I remember the first time I saw kohlrabi in a vegetable garden. I thought it was some alien weed that had run amuck. There was this small bulb just above the ground with all these stems with leaves shooting out from it.
It was the strangest vegetable I’d ever seen.
Kohlrabi is not an alien species, but in fact a member of the cabbage family. In German, kohlrabi actually means “cabbage turnip“.
The taste of kohlrabi is much like a mix between broccoli and turnips, and can be eaten raw, grated in salads or slaws, and can be cooked much like you would cook turnips.
Kohlrabi hasn’t gained as much love in the United States as it has in many European countries where it is grown quite frequently.
Growing kohlrabi is pretty straightforward and is not very difficult with the right conditions. Here is a simple guide on how to grow kohlrabi in the home vegetable garden.
Kohlrabi is mostly sown directly in the vegetable garden by seed, but can be started indoors using peat pots or a seed starting system. Sow the seeds 1/4″ deep with spacing about ten inches apart.
Kohlrabi grows best in cooler temperatures so sow seeds four to six weeks before the last frost date in spring and about ten weeks before the first frost date in fall.
Kohlrabi enjoys a fertile soil amended well with compost or other organic materials. The soil temperature should be 50°F to 70°F for optimum germination rates. The seeds should germinate within five to ten days.
Keep the soil consistently moist until the seeds sprout and for best growing results after sprouting. Mulch around seedlings to keep the soil moist and to suppress weeds.
If the soil is amended well no fertilization is needed, but for soils lacking in nutrients an organic fertilizer such as fish emulsion can be used once every three weeks.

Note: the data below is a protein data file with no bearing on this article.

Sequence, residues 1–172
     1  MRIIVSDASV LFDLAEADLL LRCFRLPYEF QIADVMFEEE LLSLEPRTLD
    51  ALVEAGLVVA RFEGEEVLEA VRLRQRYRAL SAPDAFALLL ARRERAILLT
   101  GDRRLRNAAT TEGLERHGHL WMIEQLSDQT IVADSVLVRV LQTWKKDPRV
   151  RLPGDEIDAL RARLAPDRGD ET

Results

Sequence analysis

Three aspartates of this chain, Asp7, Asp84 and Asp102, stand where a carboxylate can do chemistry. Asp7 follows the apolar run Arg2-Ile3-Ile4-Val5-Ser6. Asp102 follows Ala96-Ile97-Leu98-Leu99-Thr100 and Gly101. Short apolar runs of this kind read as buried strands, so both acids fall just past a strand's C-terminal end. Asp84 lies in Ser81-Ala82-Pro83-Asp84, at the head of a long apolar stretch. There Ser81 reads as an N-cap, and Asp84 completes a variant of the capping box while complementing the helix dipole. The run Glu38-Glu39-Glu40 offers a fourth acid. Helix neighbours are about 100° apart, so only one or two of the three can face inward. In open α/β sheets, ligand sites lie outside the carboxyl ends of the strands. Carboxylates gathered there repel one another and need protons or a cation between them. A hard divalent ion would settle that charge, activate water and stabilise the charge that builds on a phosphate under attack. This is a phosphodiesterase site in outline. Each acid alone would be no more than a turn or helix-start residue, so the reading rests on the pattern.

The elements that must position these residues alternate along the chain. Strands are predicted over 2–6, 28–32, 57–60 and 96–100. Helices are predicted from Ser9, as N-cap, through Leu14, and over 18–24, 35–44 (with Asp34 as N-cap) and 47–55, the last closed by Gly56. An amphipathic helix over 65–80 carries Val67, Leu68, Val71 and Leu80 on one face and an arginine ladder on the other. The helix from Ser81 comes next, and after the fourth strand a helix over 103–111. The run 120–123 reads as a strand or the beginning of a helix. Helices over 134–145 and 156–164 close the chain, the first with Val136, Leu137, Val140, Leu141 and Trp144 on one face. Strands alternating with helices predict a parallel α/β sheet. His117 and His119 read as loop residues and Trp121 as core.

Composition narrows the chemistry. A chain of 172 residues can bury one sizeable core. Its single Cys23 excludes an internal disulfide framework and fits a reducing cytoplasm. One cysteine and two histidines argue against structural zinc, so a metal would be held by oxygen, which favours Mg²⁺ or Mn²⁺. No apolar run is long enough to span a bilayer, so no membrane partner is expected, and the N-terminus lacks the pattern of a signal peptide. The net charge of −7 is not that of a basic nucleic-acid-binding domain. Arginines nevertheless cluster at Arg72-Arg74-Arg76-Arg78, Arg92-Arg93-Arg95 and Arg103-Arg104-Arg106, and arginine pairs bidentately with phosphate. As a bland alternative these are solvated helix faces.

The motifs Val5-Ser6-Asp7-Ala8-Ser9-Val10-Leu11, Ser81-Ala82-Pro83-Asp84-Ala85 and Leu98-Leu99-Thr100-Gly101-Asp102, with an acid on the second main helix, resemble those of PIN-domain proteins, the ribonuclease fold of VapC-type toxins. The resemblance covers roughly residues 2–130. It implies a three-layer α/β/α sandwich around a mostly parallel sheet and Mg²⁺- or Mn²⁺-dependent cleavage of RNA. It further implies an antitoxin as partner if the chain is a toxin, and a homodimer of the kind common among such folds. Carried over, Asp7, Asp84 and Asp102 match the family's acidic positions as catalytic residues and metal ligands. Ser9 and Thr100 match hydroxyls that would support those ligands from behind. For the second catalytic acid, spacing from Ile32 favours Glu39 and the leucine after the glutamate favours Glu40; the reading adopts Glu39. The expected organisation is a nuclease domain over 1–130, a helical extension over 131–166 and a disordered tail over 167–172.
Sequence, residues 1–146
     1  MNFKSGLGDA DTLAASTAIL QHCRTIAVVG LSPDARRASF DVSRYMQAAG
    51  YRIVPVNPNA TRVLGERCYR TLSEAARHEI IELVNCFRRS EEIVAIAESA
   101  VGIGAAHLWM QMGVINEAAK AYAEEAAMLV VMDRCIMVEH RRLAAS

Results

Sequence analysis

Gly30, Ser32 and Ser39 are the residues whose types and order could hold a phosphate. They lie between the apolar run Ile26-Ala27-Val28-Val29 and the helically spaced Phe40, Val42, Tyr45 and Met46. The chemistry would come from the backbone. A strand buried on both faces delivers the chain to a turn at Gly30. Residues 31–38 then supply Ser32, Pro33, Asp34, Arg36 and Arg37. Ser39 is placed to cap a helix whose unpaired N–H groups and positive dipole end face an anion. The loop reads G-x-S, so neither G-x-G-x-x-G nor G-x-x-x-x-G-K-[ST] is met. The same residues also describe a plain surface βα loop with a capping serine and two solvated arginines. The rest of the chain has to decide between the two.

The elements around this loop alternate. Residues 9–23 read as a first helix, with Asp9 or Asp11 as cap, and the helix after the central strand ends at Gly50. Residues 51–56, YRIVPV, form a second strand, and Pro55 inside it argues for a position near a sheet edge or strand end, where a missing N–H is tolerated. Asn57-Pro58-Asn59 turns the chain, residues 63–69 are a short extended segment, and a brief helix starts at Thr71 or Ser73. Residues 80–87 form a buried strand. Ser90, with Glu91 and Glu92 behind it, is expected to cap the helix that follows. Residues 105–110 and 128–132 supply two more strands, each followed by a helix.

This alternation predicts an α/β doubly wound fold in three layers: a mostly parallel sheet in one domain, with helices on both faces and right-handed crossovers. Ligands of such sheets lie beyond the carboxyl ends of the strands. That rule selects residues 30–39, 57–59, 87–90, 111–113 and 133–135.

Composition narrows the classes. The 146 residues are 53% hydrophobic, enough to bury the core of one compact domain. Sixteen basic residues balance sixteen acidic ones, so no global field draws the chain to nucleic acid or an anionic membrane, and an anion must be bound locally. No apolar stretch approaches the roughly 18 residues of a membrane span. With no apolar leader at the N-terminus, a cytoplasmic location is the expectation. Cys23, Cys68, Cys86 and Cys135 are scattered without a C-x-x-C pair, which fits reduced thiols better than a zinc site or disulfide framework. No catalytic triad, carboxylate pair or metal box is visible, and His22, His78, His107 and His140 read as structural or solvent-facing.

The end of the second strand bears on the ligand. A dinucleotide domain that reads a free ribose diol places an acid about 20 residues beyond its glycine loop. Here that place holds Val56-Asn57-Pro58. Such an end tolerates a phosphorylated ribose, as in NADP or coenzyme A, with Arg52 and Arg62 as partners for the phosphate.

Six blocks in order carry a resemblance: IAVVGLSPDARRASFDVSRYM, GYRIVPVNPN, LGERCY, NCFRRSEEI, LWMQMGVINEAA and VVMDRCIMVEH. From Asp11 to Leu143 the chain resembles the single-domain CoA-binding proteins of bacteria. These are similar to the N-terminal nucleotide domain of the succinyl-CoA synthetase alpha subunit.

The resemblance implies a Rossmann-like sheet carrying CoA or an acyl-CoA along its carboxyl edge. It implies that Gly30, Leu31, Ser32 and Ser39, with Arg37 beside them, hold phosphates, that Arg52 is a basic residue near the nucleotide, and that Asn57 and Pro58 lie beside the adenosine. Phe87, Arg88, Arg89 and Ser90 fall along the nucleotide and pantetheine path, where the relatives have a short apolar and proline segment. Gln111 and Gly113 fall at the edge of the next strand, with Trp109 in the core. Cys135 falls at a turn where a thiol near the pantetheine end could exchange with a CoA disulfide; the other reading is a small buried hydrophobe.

Kohlrabi grows pretty fast and the bulb will begin to swell out quickly with uninterrupted growth. Harvest the bulb once it reaches a diameter of 1-1/2″ to 3″ for the best flavor.
This size should be reached in 50 to 75 days after the seeds have sprouted. Bulbs that are allowed to grow too big will gain an undesirable woody taste.
Remove the leaves and store kohlrabi bulbs in the refrigerator crisper drawer, or a root cellar for three to six weeks.
Kohlrabi can be diced, blanched, and frozen for later use.
Kohlrabi can be affected by many pest insects, including cabbage worms, harlequin bugs, and flea beetles.
Hand pick cabbage worms and harlequin bugs as they are found. All of these kohlrabi pests can be controlled using organic garden dust.
Pyrethrin spray can be used for large flea beetle infestations.
Kohlrabi can also be affected by clubroot which can sometimes be very common among plants in the cabbage family.
Make sure to use crop rotation to help control pests and disease issues.
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